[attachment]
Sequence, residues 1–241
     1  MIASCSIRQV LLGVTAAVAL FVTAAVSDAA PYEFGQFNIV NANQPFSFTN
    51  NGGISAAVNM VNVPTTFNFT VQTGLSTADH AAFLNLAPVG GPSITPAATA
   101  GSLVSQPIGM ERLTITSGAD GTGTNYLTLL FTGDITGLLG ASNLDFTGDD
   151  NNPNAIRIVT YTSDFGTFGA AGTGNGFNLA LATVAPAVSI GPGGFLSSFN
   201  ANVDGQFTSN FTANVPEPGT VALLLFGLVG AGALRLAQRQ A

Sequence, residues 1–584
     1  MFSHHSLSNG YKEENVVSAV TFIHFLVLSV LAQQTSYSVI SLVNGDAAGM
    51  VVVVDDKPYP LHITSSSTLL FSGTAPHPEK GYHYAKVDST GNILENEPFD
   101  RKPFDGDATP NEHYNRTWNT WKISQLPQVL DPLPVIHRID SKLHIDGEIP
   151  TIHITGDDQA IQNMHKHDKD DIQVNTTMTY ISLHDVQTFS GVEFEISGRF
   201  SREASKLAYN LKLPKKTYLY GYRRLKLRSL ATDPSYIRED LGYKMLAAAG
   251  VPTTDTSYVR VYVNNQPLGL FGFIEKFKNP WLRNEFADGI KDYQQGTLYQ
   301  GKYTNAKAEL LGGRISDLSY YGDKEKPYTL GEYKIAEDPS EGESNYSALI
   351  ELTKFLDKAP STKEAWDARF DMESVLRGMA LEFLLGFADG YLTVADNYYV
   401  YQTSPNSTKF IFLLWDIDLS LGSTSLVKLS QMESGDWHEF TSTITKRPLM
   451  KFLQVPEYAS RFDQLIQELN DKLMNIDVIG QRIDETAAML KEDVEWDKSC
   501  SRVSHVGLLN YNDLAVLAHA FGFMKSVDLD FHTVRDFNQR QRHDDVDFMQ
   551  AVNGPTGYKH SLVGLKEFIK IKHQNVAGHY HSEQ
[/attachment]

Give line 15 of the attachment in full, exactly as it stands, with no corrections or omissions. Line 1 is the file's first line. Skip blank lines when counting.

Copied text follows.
   351  ELTKFLDKAP STKEAWDARF DMESVLRGMA LEFLLGFADG YLTVADNYYV